WASHINGTON, Oct. 24, 2011 — Defense Secretary Leon E. Panetta called the U.S.-Japan alliance a cornerstone of regional security and stability that’s critical to addressing challenges such as North Korea and China.
Panetta emphasized America’s commitment to maintain a robust forward presence in Asia as he arrived today for his first visit to Japan as defense secretary.
In a commentary published in today’s Yomiuri Shimbun newspaper, the secretary cited the security and economic interests the United States and Japan share, as well as the two nations’ belief in democracy and the rule of law.
“That is why I’m convinced the ties between our two countries will only grow and deepen as American increases its engagement in the Asia-Pacific region,” Panetta wrote.
Panetta lauded the Japanese people’s resilience and strength in the wake of the earthquake and tsunami that struck the island nation in March, noting the U.S. support provided in the aftermath as an affirmation of the alliance’s strength. That same spirit of cooperation will be critical in addressing a range of common challenges that abound across the region, he said.
Panetta cited North Korea’s “reckless and provocative behavior” and its focus on developing nuclear weapons and ballistic missiles. This threatens not just Japan, but the entire region, he said.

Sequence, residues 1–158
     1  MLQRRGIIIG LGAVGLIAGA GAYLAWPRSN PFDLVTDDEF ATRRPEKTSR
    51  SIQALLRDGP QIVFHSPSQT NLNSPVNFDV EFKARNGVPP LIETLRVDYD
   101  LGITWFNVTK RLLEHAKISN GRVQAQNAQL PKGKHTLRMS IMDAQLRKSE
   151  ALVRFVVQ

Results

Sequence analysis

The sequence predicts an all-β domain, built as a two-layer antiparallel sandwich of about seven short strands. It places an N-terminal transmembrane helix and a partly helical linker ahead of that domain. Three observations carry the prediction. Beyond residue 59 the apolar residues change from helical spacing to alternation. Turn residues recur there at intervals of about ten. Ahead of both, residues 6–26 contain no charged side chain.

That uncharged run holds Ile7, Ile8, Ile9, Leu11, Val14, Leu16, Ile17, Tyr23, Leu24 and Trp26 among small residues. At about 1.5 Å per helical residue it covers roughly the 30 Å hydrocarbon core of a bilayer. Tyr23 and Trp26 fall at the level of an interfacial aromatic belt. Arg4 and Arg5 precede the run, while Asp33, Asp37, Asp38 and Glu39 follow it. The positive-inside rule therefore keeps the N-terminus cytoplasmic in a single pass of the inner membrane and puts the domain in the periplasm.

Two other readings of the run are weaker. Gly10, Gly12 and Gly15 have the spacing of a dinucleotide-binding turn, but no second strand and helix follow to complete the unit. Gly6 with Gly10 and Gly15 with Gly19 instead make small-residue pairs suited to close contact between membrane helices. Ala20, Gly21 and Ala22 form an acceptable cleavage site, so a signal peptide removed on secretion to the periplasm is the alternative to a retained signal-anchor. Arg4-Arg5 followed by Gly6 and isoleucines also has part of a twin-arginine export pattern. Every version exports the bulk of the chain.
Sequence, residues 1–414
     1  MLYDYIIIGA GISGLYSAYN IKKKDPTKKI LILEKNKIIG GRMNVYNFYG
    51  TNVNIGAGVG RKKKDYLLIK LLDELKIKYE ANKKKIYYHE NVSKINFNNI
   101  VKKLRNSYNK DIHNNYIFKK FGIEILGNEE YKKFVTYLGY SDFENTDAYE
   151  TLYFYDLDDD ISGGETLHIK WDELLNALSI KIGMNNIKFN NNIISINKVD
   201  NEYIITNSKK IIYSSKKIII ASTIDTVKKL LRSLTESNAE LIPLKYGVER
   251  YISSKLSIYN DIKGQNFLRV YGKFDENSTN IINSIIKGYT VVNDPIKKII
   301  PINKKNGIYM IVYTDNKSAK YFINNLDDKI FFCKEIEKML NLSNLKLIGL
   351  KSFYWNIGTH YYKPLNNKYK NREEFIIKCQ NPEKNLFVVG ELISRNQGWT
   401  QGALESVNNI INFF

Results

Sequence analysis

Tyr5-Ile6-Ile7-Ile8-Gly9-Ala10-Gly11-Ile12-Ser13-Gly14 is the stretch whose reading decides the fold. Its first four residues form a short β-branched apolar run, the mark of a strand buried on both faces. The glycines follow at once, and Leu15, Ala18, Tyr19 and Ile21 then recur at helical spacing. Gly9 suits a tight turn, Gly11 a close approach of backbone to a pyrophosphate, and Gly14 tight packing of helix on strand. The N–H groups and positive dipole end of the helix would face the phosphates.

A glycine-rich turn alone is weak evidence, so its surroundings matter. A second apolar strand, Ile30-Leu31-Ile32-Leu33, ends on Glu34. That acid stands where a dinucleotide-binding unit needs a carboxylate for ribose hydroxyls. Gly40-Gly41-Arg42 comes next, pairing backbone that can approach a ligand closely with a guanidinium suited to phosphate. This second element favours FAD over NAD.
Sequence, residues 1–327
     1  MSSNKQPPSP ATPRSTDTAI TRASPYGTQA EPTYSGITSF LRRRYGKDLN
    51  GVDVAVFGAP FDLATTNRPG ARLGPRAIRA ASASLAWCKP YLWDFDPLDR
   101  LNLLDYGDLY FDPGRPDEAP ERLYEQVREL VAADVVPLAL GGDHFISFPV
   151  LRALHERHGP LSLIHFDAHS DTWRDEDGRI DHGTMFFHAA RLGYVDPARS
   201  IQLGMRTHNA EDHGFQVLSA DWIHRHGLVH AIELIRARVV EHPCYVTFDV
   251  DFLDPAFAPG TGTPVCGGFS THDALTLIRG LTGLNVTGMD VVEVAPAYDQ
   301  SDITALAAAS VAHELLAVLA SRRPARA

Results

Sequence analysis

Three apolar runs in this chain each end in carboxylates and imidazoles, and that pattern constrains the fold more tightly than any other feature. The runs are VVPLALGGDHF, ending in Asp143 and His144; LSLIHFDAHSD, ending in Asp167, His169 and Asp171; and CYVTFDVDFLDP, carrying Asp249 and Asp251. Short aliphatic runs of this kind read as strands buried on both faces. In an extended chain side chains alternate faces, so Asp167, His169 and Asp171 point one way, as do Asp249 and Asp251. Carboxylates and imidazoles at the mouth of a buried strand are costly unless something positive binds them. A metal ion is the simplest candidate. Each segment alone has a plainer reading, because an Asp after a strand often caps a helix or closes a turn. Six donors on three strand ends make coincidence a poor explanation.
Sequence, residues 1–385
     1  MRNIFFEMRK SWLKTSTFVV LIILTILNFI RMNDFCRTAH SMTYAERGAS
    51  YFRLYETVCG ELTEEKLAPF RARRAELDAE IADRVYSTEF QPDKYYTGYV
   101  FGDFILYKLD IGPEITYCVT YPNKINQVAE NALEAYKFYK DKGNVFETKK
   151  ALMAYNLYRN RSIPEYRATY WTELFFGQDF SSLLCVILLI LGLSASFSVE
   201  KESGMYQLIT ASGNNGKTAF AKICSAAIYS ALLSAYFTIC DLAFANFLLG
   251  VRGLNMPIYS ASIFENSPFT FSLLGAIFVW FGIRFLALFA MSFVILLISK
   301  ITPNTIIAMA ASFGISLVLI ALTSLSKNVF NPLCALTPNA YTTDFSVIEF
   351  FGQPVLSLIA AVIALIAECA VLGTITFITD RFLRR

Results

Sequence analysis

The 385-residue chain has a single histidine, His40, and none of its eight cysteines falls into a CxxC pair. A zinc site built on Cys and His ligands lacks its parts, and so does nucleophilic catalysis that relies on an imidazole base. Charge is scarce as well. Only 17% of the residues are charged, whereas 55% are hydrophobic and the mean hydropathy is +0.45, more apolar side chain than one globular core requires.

Similarly, the secretary noted lack of transparency about China’s rapid military modernization program and its “increasingly assertive activity” in the East and South China Seas.
“Together, the U.S. and Japan will work to bring North Korea back to the Six Party Talks, and encourage China to play a responsible role in the international community,” he wrote.
Panetta recognized positive progress on goals laid out at the U.S.-Japan Security Consultative Committee meeting in June. This includes improved interoperability between U.S. and Japanese forces, he said, as well as joint development efforts in areas including missile defense, space and cyberspace.
While emphasizing U.S. commitment to a “robust forward presence in Asia,” the secretary said the realignment of the U.S. military footprint in Japan will reduce its cost and impact on local populations.
“Moving forward with the relocation of Marine Corps Air Station Futenma to Camp Schwab is a core part of this effort,” he wrote. “Doing so as soon as possible will be good for the alliance, for the people of Okinawa and for regional peace and stability.”
Panetta closed calling the U.S.-Japan alliance “an indispensable pillar of regional and global security.”
“Drawing strength from our shared values,” he said, “we will work to uphold the international order and ensure the continued peace and prosperity of our people in the 21st century.”
U.S. Department of Defense
Office of the Assistant Secretary of Defense (Public Affairs)